By Kristin Steinmetz
I have two young daughters. The younger one always wants to do what the older one is doing. She wants the same shoes, she wants to go to Kindergarten and be a Daisy. In the same way, the both of them want to do what the adults do. Why can’t we wear makeup? Why do adults get to stay up late?
Comparing ourselves to others can help us set goals and maybe even motivate us, but it is a very slippery slope. It seems we always want to do what other people are doing. Even if we have no business doing them…maybe ever.
We look at the CrossFitters who have been coming longer than us and lament, “I’ve got three inches on her, why can’t I do box jumps that high?!”
Or “I’m five years younger than him; I can’t believe he has muscle-ups!!”
Or sometimes we really get crazy and look at the Games athletes wondering why we can’t be as fit and as fast as they are.
Time for a reality check. You are only as good as TIME will allow. Have you been training as many years as those people you’re comparing yourself to? Are you working out as many hours, or spending your time watching training videos and preparing protein-packed meals? Or is this your full-time job? Unless you are eating, sleeping, and breathing CrossFit on a daily basis with a rigorous schedule consisting of several workouts a day, PLEASE don’t put yourself in the same sentence as Rich Froning or Samantha Briggs.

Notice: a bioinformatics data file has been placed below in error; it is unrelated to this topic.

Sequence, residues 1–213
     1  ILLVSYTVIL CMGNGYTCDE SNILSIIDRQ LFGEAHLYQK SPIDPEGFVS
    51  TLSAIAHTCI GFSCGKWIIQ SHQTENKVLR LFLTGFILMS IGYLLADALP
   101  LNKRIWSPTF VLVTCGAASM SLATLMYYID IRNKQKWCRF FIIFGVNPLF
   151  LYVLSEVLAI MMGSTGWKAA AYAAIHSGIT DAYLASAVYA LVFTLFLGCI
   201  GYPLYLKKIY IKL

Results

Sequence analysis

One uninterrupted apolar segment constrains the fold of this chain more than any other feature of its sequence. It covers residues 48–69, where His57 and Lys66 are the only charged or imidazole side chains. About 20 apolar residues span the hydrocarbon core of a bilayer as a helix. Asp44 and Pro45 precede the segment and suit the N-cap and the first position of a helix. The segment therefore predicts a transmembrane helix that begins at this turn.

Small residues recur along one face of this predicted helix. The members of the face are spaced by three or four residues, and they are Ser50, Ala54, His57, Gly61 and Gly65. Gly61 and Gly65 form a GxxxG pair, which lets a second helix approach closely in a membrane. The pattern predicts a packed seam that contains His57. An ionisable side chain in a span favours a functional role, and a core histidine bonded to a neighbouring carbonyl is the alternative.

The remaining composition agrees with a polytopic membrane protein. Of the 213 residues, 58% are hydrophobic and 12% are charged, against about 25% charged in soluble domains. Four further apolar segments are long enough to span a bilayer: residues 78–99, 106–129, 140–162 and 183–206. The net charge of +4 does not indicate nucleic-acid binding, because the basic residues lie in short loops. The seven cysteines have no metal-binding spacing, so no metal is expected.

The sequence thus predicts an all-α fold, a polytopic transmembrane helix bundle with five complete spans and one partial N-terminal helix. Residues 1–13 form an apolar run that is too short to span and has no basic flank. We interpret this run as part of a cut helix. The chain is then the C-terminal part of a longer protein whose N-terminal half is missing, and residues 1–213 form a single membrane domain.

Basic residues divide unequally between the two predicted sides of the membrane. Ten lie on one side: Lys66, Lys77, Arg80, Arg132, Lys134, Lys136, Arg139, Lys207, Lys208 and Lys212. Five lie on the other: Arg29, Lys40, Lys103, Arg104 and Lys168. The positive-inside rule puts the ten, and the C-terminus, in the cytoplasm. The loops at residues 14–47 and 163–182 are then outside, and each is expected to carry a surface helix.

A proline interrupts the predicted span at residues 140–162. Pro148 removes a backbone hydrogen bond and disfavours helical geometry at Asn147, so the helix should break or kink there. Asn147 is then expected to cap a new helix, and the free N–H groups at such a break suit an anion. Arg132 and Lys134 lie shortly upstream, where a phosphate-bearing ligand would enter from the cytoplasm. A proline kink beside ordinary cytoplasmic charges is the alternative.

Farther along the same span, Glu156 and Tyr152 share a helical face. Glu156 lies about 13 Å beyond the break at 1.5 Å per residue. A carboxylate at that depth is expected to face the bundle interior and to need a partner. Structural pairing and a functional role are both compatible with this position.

For some of us, comparing ourselves to others is almost inevitable. Personally, my struggle is with the barbell. It always seems to me that everyone- new or experienced, younger or older, smaller or bigger- is lifting more weight than I am.
But my mantra HAS to be: Am I better than yesterday? The only person I should be comparing myself to is the person I was the last time I stepped into the box. Am I making small improvements? And more importantly, am I putting in the work necessary to get better? There is no magic potion (not even Spark, sorry) or secret formula to getting up to speed with the athlete next to you. It’s simply time and hard work. So I’ll tell you the same thing I tell my 4 year old when she asks, “Can I do it one day, when I’m bigger?” Yes. If you want it bad enough.